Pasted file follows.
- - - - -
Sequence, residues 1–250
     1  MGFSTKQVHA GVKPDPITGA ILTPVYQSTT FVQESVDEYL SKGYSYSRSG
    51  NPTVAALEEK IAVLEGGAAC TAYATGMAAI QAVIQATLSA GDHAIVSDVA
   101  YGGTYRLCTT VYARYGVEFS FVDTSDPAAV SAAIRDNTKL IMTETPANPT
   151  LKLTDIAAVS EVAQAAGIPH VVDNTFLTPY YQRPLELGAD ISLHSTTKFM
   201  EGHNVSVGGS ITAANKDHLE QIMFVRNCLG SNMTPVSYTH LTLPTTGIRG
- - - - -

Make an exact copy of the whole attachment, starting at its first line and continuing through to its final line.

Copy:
Sequence, residues 1–250
     1  MGFSTKQVHA GVKPDPITGA ILTPVYQSTT FVQESVDEYL SKGYSYSRSG
    51  NPTVAALEEK IAVLEGGAAC TAYATGMAAI QAVIQATLSA GDHAIVSDVA
   101  YGGTYRLCTT VYARYGVEFS FVDTSDPAAV SAAIRDNTKL IMTETPANPT
   151  LKLTDIAAVS EVAQAAGIPH VVDNTFLTPY YQRPLELGAD ISLHSTTKFM
   201  EGHNVSVGGS ITAANKDHLE QIMFVRNCLG SNMTPVSYTH LTLPTTGIRG